MOVIE #1,633 • 🍿🍿🍿🍿🍿🍿🍿🍿🍿 • 05.14.24 Nicolas Roeg has officially vaulted to the top of my list of filmmakers next in line for a Dir...


MOVIE #1,633 • 🍿🍿🍿🍿🍿🍿🍿🍿🍿 • 05.14.24
Nicolas Roeg has officially vaulted to the top of my list of filmmakers next in line for a Director Focus fill-in series (I'm working on Sholder and Smith currently). I've seen just two of his films now, this and The Man Who Fell to Earth, but I'm fully hooked on his anything-goes, messy-as-hell style. This one isn't even considered to be among his very best (perhaps a hidden gem) yet it's still so gloriously big, showy in a purely cinematic way wherein its plentiful flaws are completely overshadowed by sheer exuberance, non-stop visual delights and a slew of fun performances by an array of mostly miscast actors.

Joe Pesci plays a Jewish crime boss, which is halfway against type, but Mickey Rourke as a nebbish, spectacled real estate lawyer is all the way out there, yet both roles still mostly work, especially the latter (Pesci feels out of place at times, like he knows he’s not quite right for this crime saga that often leans into the more artsy/psychological thriller side of things).
I don’t think I’ve ever seen Rourke giving such a controlled performance and it’s a good one, especially next to the big characters, like Gene Hackman and Rutger Hauer in the leads.

There’s an occult/magical thread running through Eureka that’s both completely half-baked and really exciting, cutting up your expectations for what a film like this should look and feel like. The first thirty minutes take place in 1925 and play out like a fever dream: Hackman, as the gold prospector Jack McCann, battles the elements of the Yukon in search of fortunes, encountering a clairvoyant who bestows him a philosopher’s stone and all kinds of insanity along the way, including a derelict man who blows his brains out in graphic fashion…

And we’re just six minutes into the film! Everything is so stylized, frenetic and frankly disheveled, all to such a massive and dizzying degree. McCann is fond of echoing certain catchphrases as well, both cliche (“I never earned a nickel off another man’s sweat”) and oblique (“Gold smells stronger than a woman”). So much of the screenplay is full of lofty platitudes (“I used to have it all now I have everything“) that sound trenchant but are essentially meaningless. By the time we get to the time jump and McCann is living on a Caribbean island (that he also owns) you’re either fully onboard or turned off by the movie’s chaotic showiness. There are so many nifty cross-cuts…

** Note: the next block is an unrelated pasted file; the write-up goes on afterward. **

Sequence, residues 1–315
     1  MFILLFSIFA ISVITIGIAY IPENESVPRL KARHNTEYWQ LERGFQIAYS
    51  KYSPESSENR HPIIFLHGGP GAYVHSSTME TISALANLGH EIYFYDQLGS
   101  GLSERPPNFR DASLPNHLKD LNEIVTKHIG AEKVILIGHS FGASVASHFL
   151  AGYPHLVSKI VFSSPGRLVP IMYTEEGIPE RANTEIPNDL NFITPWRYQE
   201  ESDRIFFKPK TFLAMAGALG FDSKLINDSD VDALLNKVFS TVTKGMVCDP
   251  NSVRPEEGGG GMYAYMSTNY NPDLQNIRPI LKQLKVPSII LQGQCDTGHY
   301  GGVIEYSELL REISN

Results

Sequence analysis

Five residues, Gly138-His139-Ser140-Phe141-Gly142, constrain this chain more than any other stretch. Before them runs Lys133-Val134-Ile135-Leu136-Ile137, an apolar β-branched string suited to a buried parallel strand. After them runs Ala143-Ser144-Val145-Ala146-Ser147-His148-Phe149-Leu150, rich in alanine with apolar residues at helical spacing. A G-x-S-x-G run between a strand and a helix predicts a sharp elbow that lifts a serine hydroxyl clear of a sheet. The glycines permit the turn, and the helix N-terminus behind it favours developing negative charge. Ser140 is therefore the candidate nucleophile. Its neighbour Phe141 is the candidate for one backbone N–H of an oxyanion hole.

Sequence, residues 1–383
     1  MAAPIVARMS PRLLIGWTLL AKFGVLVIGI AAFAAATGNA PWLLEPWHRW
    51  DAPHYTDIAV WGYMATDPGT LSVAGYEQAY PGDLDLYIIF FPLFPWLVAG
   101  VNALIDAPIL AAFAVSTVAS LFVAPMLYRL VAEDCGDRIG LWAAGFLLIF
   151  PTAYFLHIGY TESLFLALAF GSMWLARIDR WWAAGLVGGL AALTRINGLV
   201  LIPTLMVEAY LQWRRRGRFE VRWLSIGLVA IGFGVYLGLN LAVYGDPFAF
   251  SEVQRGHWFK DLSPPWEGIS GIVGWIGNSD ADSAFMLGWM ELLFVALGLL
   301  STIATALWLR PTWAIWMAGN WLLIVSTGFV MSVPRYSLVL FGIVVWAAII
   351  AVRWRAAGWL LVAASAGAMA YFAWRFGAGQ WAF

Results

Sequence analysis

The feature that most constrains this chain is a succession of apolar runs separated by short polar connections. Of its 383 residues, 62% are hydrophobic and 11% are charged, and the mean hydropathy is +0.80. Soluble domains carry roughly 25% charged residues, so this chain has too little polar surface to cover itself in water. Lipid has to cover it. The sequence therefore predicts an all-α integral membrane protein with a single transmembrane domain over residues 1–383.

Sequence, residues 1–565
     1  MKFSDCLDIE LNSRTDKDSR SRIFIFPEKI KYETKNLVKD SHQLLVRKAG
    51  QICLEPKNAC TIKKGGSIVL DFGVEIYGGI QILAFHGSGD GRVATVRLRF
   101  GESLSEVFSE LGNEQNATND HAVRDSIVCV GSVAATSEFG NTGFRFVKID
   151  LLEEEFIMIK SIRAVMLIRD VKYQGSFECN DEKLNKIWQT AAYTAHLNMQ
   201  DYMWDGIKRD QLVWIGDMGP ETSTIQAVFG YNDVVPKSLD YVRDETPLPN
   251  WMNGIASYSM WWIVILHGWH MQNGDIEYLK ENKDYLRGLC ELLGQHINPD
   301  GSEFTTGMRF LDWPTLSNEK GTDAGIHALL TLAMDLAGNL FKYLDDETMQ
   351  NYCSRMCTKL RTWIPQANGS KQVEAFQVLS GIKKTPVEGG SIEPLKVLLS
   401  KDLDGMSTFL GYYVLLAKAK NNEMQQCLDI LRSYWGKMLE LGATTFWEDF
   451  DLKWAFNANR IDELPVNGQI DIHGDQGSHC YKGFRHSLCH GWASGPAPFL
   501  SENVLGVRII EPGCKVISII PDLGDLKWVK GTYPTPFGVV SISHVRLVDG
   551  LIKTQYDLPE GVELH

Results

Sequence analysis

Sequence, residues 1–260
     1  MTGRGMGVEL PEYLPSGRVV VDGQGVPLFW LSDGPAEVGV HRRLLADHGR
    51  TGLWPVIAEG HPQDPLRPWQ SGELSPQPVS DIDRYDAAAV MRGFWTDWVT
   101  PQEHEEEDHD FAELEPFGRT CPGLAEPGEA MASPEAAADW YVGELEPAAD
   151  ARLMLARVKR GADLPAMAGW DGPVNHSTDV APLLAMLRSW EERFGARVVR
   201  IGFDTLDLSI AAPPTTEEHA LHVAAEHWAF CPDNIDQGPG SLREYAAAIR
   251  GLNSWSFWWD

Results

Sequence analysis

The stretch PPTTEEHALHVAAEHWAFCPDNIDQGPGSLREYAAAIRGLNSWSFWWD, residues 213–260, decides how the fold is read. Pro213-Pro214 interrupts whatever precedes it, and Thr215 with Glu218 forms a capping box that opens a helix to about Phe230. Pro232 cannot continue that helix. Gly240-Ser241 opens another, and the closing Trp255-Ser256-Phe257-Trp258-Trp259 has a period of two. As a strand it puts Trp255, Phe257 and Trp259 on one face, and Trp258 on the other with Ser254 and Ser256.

Rutger Hauer plays the husband of McCann’s daughter (Theresa Russell) and is every bit the equal to Hackman as they take turns seeing how can be more insane (when he takes part in a tribal island orgy and dances with a man in drag and snake, I think he takes the cake).

Despite the seemingly dense plot, its main theme isn’t difficult to parse: that it’s all about the search, not the reward. Sure, things get stodgy in the courtroom proceedings by the end of the third act, with overlong monologues that have you pining for more action and some of that wonderful visual flare, but this is still an excellent film. And I’m not alone in thinking this…
Film critic and film maker Mark Cousins put Eureka in his top-10 favorite films in the Sight & Sound Greatest Films poll 2012 and has called the film a "masterpiece". Director Danny Boyle listed Eureka as one of his top-five favorite films of all time.
I should be able to start the Nicolas Roeg Director Focus proper some time in July, so stay tuned.

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Eureka is a 1983 psychological drama film directed by Nicolas Roeg, and starring Gene Hackman, Rutger Hauer, Theresa Russell, Mickey Rourke, and Joe Pesci. It follows the life of a Klondike prospector who becomes one of the world's wealthiest men after striking gold in 1925, but, 20 years on, fears that he is being preyed upon by his daughter and her social-climbing husband, as well as a mobster attempting to usurp the Caribbean island he owns. The screenplay is loosely based on the unsolved murder of Sir Harry Oakes in the Bahamas in 1943. It was released on May 5, 1983.


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